Tom Temin Right. So it’s almost as if the supplemental plans long offered by different groups and [American Association of Retired Persons (AARP)] and so forth, which put B and C together, would in effect, just pull in D also.

John Hatton Yes, I think there might be two different ways the plans will go about it. One is that Medicare Advantage, where it combines a B into kind of a C plan and D, or one that just adds on the part D. So it gets very complicated. Again, we need to see the details of it. But with the legislative changes through the Inflation Reduction Act, there’s a lot of benefits that accrue through Part D. One, Medicare is going to be negotiating prescription drug prices. There’s going to be a limit on out-of-pocket expenses to $2,000. There’s going to be limits on insulin costs. There’s going to be limits on co-payments for catastrophic coverage, and there’s going to be limits on increases in premium growth, plus Part D already had manufacturer drug discounts. So there’s a lot of benefits that, by integrating with Part D, can accrue to those FEHB plans and retirees in it. So I think, overall people will benefit from this new development. But again, we need to see the details. People need to be able to pay attention to what their options are, in terms of what their costs may be based on their income too.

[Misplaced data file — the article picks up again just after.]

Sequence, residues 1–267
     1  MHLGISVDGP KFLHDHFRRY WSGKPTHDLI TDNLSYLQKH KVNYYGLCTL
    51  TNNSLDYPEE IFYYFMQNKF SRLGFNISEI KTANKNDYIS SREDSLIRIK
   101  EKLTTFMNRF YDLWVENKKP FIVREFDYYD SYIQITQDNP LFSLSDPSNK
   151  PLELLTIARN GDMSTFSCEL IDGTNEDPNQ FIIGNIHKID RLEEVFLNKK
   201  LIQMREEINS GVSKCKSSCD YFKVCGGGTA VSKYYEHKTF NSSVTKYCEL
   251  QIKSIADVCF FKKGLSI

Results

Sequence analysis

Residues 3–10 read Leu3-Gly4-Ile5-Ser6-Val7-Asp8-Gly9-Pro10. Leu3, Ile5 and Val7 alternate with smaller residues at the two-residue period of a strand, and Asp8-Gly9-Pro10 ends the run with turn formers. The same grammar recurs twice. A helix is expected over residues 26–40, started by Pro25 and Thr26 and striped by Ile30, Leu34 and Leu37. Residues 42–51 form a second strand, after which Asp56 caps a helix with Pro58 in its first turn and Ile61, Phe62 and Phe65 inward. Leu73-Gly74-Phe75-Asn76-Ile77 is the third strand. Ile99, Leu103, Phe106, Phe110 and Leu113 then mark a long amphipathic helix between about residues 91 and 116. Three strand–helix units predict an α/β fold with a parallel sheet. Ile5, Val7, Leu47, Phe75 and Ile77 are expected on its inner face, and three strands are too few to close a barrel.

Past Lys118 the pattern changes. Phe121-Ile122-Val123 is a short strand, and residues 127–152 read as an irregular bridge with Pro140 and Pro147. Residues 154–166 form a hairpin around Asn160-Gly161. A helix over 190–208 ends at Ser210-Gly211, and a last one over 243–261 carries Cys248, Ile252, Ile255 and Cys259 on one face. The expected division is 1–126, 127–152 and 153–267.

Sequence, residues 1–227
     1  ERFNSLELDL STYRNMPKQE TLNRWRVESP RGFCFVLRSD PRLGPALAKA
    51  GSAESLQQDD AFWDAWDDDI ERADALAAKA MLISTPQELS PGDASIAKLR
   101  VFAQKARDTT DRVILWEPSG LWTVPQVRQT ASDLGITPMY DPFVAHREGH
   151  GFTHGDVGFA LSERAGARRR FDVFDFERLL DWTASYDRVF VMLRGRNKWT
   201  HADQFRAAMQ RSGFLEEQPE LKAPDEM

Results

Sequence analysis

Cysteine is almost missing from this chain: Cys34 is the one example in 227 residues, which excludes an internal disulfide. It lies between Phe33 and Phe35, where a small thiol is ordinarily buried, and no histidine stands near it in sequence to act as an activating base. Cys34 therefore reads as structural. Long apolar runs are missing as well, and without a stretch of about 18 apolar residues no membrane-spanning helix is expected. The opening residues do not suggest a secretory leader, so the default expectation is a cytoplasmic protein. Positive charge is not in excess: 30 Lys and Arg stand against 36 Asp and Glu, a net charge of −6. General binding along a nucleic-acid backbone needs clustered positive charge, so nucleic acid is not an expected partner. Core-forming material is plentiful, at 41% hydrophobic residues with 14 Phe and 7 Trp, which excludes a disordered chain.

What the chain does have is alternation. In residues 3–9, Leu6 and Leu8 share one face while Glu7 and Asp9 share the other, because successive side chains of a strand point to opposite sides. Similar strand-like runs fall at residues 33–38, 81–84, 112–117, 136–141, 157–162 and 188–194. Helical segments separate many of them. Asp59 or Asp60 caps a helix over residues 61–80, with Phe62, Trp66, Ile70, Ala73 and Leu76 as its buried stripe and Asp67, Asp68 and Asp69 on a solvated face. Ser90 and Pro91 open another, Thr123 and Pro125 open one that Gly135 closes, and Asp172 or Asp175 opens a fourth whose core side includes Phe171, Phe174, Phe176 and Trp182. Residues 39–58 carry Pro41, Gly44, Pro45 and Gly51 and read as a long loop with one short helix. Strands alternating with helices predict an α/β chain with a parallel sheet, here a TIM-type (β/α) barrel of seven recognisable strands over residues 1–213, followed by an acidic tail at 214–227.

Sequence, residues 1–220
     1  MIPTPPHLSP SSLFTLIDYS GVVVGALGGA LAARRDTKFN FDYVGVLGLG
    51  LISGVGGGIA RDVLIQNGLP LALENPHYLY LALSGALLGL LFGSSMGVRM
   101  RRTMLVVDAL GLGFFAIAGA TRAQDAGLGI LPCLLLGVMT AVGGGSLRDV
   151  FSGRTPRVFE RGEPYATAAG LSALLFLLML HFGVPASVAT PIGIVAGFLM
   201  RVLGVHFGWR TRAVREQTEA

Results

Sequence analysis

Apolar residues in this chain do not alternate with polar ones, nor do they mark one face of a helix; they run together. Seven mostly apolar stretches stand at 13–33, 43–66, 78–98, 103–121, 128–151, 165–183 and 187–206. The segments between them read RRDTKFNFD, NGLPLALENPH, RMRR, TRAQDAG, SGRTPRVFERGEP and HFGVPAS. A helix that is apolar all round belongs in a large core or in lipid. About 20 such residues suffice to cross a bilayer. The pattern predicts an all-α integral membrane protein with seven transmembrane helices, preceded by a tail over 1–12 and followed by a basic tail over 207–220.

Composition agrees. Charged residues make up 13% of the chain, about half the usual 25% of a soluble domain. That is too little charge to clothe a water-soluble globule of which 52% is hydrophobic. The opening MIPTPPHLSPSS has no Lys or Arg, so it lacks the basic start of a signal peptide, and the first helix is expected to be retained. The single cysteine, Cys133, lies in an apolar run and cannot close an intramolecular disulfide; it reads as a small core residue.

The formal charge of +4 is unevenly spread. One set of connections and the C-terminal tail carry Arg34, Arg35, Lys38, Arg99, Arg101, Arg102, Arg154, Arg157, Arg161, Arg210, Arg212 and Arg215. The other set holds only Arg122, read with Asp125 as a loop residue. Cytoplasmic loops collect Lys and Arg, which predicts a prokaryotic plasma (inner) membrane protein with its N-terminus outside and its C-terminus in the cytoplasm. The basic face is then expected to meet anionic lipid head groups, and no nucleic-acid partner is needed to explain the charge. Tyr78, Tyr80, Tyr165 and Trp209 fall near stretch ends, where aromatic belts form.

Tom Temin Right. And you need that calculator on the desk to really do your homework. I was going to say slide rule, but I don’t think anyone still uses those anymore.